Baker Street
is a busy thoroughfare, lying in postcode areas NW1/W1 and forming part of the A41 there
[...More...]

"Baker Street" on:
Wikipedia
Google
Yahoo

picture info

Wormelow Tump
Wormelow Tump
Wormelow Tump
is a village in Herefordshire, England, 11 km (6.8 mi) south of Hereford
Hereford
and 15 km (9.3 mi) northwest of Ross-on-Wye. The tump itself was a mound which local tradition holds was the burial place of King Arthur's son Amr.[1] The tump was flattened to widen the road in 1896.[2] Wormelow gave its name to a hundred. The Domesday Book
Domesday Book
mentions the custom that all citizens of Herefordshire
Herefordshire
who owned a horse were required to attend the meeting of all the hundreds, which took place every three years at Wormelow Tump.[2] The village is the site of the Violette Szabo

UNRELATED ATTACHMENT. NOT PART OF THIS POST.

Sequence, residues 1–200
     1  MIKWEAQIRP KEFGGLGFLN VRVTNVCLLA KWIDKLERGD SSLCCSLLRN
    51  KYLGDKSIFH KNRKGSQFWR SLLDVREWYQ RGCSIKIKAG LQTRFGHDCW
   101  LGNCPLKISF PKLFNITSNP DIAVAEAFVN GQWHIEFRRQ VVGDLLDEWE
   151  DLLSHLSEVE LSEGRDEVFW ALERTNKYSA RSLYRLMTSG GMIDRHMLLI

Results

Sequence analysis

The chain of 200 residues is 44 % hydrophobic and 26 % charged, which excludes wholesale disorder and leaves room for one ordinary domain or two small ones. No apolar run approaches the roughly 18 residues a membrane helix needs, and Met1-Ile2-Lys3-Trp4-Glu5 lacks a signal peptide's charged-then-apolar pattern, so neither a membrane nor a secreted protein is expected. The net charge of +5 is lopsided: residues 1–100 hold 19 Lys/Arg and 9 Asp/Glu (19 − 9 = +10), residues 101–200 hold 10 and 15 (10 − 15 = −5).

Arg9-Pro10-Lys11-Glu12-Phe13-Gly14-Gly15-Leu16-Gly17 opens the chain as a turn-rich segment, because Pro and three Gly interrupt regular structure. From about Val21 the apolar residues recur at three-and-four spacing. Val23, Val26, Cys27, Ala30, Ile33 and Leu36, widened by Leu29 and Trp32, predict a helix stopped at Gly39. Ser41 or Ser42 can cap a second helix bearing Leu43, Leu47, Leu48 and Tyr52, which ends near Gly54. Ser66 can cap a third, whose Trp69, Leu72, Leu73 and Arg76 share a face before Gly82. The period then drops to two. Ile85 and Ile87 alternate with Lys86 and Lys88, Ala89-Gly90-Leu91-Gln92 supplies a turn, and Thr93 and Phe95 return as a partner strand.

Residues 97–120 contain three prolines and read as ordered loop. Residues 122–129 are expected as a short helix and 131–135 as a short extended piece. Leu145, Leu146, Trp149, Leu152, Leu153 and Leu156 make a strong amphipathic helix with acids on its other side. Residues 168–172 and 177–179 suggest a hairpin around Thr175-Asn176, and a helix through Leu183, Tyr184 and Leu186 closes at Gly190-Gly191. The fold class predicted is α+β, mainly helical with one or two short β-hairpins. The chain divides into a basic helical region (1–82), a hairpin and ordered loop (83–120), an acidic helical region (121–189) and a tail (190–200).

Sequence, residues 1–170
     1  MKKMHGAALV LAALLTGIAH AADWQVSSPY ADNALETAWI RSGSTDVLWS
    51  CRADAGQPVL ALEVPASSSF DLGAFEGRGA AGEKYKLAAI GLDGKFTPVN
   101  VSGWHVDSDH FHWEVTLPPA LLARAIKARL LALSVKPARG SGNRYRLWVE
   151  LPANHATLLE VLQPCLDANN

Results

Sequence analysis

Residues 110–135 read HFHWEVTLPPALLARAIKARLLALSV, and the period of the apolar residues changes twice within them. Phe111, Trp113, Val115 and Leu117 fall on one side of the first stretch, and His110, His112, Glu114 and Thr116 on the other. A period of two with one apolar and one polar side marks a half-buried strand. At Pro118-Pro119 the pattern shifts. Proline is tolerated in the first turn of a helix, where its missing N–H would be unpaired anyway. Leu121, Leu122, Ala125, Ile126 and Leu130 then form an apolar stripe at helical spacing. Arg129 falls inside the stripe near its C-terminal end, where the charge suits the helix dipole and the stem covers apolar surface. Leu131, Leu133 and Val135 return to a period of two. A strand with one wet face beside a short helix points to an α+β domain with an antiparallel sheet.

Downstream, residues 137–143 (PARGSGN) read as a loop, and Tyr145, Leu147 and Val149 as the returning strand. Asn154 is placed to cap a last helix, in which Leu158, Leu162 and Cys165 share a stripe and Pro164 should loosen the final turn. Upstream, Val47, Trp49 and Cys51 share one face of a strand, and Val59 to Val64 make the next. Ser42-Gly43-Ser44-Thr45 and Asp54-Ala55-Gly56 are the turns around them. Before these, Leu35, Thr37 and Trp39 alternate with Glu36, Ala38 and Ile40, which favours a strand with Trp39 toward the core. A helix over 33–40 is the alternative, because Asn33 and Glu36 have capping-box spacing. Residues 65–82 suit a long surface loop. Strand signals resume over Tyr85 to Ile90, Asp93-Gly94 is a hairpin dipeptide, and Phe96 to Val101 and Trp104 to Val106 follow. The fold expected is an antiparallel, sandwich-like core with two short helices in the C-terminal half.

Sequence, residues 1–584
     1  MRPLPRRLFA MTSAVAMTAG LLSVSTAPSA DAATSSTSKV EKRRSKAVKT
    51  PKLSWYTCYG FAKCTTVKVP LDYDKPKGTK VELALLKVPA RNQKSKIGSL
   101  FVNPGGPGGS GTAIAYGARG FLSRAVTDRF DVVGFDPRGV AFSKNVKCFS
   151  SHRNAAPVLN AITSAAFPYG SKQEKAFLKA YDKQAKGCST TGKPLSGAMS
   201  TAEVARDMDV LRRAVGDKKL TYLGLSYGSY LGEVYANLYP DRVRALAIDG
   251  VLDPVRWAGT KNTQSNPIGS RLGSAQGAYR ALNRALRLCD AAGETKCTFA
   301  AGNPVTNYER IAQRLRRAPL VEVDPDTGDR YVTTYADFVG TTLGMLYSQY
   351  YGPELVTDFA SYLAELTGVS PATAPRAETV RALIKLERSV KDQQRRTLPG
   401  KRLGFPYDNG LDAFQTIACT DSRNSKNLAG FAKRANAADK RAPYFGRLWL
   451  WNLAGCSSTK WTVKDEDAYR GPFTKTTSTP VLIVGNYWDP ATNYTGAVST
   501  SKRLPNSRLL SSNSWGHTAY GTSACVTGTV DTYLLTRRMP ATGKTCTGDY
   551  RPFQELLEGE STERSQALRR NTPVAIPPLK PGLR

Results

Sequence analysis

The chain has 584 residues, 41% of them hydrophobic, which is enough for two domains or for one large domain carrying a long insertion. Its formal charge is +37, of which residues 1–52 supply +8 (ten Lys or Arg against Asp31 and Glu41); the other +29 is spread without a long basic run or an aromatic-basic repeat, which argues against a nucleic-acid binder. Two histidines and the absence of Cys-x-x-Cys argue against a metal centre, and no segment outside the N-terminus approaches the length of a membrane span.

Violette Szabo
GC Museum, commemorating the life of World War II
World War II
secret agent Violette Szabo
[...More...]

"Wormelow Tump" on:
Wikipedia
Google
Yahoo

picture info

Resistance During World War II
Resistance movements during World War II
World War II
occurred in every occupied country by a variety of means, ranging from non-cooperation, disinformation and propaganda, to hiding crashed pilots and even to outright warfare and the recapturing of towns
[...More...]

"Resistance During World War II" on:
Wikipedia
Google
Yahoo

picture info

Dwight D. Eisenhower
World War II Supreme Allied Commander in EuropeD-Day Operation OverlordSurrender of Germany VE-DayCrusade in EuropePresident of the United StatesPresidencyFirst TermDraft movement1952 CampaignElection1st InaugurationKorean War Atoms for PeaceCold WarNew Look Domino theoryInterstate Highway SystemSecond Term1956 campaignElection2nd InaugurationEisenhower Doctrine Sputnik
Sputnik